Westerwelle told the daily Die Welt that Turkey is becoming a regional powerhouse and the fact that it's EU aspirations appear to be at a standstill is shameful to all sides involved.
It's location, diversity and European outlook can make it a “bridge to the Islamic world,” he said. “We want to overcome this impasse,” Westerwelle added.
Berlin's foreign minister has just returned from a trip to Turkey, where he held extensive talks with his counterpart Ahmet Davutoğlu. In the coming days Davutoğlu will undertake travels in the Arab world, where Germany has deep interests.
Turkey's long-running EU accession bid has run into strong opposition among many Europeans who see it as not being economically or politically ready.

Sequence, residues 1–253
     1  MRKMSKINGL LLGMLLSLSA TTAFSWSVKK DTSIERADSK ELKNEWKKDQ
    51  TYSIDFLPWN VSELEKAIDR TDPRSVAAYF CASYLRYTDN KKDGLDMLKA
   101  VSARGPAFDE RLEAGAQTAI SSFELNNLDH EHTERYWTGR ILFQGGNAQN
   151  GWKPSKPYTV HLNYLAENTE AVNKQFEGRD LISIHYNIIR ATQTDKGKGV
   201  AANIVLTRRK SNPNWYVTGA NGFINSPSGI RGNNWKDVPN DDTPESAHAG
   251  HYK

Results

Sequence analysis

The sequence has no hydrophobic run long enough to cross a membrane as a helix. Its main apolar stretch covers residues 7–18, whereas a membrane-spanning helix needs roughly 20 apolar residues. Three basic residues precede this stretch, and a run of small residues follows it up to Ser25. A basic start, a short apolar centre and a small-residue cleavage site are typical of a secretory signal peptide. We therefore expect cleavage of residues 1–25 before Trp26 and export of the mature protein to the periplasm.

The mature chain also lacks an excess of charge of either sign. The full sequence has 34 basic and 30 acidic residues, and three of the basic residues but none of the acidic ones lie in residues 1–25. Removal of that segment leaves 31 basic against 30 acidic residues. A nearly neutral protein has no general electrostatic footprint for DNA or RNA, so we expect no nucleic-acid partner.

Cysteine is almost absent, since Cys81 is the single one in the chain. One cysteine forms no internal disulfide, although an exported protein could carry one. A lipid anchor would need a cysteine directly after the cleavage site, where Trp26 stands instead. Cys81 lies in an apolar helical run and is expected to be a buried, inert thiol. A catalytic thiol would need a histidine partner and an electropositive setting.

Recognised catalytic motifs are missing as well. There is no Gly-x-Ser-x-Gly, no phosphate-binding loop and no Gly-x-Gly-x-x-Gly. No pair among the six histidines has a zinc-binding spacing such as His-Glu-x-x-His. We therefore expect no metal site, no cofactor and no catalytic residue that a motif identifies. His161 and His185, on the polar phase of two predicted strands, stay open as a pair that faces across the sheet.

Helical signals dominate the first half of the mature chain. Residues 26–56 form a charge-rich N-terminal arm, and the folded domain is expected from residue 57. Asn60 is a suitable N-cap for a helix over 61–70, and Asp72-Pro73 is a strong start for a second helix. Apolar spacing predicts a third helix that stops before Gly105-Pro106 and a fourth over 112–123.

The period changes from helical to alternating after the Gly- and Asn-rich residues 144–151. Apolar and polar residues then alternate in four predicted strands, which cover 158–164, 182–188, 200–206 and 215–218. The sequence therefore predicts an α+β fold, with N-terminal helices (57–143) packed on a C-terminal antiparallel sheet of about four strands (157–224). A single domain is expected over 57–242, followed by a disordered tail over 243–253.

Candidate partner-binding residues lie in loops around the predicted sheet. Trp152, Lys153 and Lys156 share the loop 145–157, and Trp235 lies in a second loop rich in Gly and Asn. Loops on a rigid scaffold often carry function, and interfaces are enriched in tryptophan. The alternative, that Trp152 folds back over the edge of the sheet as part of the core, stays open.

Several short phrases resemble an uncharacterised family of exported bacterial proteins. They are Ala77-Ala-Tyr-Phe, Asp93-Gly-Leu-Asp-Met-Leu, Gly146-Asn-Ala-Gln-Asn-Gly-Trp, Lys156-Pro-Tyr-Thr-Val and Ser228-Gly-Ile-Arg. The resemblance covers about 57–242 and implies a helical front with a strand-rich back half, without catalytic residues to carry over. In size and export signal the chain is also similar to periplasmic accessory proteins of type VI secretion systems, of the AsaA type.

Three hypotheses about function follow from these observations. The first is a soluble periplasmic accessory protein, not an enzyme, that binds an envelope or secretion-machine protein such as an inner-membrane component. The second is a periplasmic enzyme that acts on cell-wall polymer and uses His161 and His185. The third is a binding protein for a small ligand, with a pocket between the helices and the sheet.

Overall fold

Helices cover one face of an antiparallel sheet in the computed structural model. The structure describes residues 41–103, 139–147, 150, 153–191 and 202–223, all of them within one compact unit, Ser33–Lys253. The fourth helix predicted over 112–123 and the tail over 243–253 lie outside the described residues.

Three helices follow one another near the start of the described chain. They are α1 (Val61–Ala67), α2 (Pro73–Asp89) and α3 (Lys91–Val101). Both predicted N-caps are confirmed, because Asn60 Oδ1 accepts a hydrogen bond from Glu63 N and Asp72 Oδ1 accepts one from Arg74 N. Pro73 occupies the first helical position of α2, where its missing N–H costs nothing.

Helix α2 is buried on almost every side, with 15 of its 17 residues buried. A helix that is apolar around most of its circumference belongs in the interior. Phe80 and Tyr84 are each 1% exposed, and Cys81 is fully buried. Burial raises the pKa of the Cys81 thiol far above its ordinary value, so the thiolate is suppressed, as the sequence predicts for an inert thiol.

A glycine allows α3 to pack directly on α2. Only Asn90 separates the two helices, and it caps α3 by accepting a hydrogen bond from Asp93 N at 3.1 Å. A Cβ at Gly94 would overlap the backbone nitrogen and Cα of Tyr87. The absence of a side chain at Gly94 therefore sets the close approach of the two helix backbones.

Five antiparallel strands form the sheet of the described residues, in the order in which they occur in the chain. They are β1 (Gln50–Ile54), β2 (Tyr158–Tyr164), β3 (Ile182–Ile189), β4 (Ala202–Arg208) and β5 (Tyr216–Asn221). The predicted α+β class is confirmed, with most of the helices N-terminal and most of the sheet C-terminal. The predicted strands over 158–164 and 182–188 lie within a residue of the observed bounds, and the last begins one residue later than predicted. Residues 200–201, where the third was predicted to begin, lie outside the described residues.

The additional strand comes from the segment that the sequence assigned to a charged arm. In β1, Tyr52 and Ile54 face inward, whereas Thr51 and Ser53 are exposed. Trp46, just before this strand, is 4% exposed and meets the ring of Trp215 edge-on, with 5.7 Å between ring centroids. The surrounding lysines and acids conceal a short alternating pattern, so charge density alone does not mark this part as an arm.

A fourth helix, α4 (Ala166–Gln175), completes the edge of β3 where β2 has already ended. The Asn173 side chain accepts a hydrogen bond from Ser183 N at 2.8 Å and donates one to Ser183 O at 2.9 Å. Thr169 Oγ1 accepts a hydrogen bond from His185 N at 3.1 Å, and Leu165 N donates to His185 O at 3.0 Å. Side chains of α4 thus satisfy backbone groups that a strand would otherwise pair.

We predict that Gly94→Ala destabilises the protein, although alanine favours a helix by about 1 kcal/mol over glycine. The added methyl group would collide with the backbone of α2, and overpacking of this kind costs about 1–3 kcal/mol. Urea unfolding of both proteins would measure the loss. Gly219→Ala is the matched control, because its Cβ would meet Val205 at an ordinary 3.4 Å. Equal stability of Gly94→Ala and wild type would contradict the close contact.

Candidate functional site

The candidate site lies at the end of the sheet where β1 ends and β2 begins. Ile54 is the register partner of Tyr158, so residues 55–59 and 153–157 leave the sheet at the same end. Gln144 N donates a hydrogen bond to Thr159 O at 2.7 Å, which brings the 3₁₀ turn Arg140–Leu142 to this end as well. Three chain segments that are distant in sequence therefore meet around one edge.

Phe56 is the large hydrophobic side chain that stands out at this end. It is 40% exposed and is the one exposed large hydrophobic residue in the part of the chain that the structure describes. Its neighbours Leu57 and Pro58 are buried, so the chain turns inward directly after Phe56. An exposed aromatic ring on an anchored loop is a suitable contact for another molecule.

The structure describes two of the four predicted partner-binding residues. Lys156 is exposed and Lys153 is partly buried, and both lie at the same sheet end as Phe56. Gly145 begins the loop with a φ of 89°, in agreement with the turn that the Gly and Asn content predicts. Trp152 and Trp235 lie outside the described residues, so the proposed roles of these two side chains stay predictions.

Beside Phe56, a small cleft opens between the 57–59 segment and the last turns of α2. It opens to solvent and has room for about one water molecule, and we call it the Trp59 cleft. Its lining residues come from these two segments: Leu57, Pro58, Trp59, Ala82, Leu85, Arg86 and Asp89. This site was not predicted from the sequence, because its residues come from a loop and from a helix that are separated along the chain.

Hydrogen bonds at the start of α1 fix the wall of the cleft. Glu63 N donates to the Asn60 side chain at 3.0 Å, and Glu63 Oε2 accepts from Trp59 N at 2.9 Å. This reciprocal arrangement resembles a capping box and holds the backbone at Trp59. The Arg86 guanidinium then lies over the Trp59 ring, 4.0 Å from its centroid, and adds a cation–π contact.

Some have argued that those fears are a mask for deep discomfort with Islam in Turkey, although the state there is secular.
Westerwelle is aware that increasing closeness with Turkey is likely to be controversial in some quarters - including within Chancellor Angela Merkel's centre-right coalition.
Whereas Westerwelle's Free Democrats are more open to Turkey joining the EU, Merkel's conservative Christian Democrats want to offer Ankara a "privileged partnership" below full membership.
But Westerwelle said a closer ties with the country would be in Europe's interest.
He is being joined by prominent business leaders like Dieter Zetsche, who was born in Turkey and is the chairman of German car company Daimler.
He told the Bild newspaper that Germany and all of Europe needs Turkey.
“Instead of building more and new obstacles until one day Turkey turns away, we need to open the door very widely,” Zetsche said.